The American Medical Association said today it is partnering with Google (NSDQ:GOOG) to launch the AMA Health Care Interoperability and Innovation Challenge designed to support mobile health technology that improves monitoring and care in the management of chronic diseases. In the challenge, participants will present mobile solutions that aim to improve the capturing and transmission of […]
American Medical Assn.
Four major medical associations collab to form Xcertia mobile health app guidance group
Four major medical associations said today they will group to form Xcertia, a multi-stakeholder collaboration focused on improving mobile health applications. The American Medical Association, American Heart Association, DHX Group and Healthcare Information and Management Systems Society will join together to create the non-profit corporation, which looks to establish and promote best practices for mobile […]
New Medicare rules pay docs based on outcomes
The White House last week changed the way government health insurers pay doctors, shifting from the fee-for-service model in favor of an outcomes-based system. The so-called “doc fix” law, passed by Congress in 2015, was drafted in March 2015 by then-House speaker Rep. John Boehner (R-Ohio) and minority leader Rep. Nancy Pelosi (D-Calif.) in rare moment of bipartisanship. The Senate voted […]
Boston Scientific logs reimbursement wins
Boston Scientific (NYSE:BSX) yesterday revealed a trifecta of reimbursement wins for its S-ICD subcutaneous defibrillator from the American Medical Assn., Medicare and Aetna.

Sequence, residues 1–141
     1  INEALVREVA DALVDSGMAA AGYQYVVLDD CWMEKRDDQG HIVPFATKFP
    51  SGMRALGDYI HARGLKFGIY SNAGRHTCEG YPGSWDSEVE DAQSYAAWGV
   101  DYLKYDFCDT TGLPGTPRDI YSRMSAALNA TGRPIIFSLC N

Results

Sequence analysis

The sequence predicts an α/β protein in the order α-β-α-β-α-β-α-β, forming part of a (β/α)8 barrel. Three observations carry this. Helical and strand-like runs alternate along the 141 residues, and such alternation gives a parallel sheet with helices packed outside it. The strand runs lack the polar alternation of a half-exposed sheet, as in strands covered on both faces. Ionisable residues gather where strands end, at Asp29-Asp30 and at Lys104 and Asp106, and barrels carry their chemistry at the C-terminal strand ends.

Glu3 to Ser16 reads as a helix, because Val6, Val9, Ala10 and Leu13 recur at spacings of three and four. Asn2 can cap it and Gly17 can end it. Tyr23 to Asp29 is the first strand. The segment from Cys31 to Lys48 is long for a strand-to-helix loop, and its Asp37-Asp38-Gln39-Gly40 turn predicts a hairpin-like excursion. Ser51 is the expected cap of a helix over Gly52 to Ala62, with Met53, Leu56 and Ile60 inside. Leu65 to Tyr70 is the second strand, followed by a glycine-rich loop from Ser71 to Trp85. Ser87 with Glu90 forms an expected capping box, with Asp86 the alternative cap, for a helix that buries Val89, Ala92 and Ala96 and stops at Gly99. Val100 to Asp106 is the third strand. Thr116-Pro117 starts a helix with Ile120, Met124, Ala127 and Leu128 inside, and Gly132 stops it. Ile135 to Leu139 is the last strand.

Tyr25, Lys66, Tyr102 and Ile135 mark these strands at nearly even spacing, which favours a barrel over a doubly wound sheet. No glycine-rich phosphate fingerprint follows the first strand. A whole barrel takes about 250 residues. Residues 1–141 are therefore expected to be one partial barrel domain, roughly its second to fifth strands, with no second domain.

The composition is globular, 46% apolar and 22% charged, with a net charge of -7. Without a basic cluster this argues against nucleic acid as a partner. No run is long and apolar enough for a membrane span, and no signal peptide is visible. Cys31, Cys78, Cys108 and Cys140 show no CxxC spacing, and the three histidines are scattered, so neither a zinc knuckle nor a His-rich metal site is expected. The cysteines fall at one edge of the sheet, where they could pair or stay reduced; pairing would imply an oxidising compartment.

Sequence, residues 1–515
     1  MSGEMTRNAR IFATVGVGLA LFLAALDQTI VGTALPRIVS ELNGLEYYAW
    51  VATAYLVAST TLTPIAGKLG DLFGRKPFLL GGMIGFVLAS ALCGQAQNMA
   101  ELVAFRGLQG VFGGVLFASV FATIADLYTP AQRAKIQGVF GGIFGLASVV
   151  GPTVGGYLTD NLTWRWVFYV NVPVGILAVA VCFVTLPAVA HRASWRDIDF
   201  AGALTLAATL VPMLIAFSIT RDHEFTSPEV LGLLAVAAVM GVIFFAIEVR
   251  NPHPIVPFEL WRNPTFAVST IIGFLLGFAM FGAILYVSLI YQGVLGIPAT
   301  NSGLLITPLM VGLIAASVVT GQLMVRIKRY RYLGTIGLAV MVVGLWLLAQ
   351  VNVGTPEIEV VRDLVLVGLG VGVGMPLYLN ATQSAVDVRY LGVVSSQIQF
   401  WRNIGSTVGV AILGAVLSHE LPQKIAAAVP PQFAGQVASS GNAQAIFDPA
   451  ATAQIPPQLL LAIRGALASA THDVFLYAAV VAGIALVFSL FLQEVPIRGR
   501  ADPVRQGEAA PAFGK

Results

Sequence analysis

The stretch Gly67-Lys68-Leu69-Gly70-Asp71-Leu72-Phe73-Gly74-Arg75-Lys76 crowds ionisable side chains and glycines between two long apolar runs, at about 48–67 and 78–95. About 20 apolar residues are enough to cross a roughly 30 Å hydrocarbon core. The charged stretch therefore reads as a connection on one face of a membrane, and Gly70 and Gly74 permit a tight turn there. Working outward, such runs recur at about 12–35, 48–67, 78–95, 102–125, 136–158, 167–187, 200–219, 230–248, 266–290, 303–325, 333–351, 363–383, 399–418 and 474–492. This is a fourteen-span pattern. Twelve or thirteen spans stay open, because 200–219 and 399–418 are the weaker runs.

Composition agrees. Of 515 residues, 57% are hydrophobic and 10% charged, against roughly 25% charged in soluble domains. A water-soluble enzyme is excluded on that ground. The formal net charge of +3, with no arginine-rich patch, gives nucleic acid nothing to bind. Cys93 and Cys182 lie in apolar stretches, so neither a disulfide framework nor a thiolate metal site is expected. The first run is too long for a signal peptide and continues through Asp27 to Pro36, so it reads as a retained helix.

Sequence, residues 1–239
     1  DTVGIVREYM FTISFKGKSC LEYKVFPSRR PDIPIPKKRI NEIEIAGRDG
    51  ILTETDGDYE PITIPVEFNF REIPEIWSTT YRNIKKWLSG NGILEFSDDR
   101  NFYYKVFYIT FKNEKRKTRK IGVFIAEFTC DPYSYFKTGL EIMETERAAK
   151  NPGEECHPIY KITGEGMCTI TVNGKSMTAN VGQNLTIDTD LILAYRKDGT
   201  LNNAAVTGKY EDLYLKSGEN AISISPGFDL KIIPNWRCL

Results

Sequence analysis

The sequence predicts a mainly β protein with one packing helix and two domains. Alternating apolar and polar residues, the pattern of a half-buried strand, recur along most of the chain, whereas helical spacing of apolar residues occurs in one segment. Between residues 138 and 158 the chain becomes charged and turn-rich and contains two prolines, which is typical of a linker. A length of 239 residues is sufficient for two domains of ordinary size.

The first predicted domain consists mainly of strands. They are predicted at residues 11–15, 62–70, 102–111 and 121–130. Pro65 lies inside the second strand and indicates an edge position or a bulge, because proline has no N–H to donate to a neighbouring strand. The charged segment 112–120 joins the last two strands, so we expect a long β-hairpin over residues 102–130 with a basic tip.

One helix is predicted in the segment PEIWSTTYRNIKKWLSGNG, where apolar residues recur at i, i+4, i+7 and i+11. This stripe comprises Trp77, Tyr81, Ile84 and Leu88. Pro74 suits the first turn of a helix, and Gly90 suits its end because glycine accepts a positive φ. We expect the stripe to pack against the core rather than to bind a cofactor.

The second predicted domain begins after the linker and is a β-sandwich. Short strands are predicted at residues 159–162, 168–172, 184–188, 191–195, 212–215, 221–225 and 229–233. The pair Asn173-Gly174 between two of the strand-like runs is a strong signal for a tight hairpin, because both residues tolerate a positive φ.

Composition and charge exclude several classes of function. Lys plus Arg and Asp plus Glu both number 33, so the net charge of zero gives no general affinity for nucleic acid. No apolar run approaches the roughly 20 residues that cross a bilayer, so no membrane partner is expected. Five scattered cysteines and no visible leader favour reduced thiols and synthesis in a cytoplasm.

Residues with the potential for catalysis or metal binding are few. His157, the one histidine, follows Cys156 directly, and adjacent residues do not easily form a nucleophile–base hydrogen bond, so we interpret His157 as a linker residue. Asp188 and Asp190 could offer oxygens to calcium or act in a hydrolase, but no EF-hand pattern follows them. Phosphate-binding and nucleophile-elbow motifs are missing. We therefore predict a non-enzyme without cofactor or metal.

Sunshine Act follies spark more concern | MassDevice.com On Call
MASSDEVICE ON CALL — Physicians’ groups are up in arms about the looming launch of the a public database of industry-doctor relationships, citing concerns about errors in reporting and security breaches that appear to muddle the program’s credibility.
The public database, scheduled to go live September 30, will allow anyone with interest to peruse troves of data about the financial exchanges between doctors and manufacturers of drugs and medical devices, but the novel program has its share of issues.
Doc groups ask Medicare to keep pay data under wraps a little longer
A massive alliance of medical societies urged Medicare regulators this week to keep physician pay data from the public for an extra 6 months, time that doctors can use to peruse their profiles for inaccuracies about their financial relationships with medical device and drug companies.
The proposal would keep physician financial data under wraps until March 31, 2015, rather than Sept. 30, 2014, as planned.
Hologic eyes reimbursement win for breast tomosynthesis
Ocular Therapeutix lands reimbursement code for eye plugs
Ocular Therapeutix said it landed a reimbursement code for the insertion of the drug-eluting eye plugs it’s developing to treat glaucoma.
Bedford, mass.-based Ocular Therapeutix said the American Medical Assn. issued a CPT code "for the insertion of a drug-eluting implant, including punctal dilation and implant removal when performed, into the lacrimal canaliculus."
New head for the American Medical Assn. | Personnel Moves
Dr. Robert Wah was named president-elect of the American Medical Assn., the nation’s largest network of physicians. Wah, who served on the AMA board from 2011 to 2012, will be officially sworn in as president after a year as president-elect.
Is the electronic medical record full of lies?
In a provocative piece in the Journal of the American Medical Association (JAMA), Elizabeth Toll, MD pens a powerful portrait of what the Electronic Medical Record have brought to the doctor-patient relationship, describing both its benefits and its limitations (be sure to see the 7 year-old’s precient drawing as well).
Perhaps most disturbing was this passage in her essay:
AMA: People of Walmart should get a new tax
It’s hard to believe – well, maybe not – that the Chicago-based American Medical Association (AMA) would be so out of touch with America’s obesity epidemic that they are now proposing a soda tax to "fight obesity." We should ask ourselves, especially in light of the growing cigarette use in teens these days, how that approach has worked for cigarettes.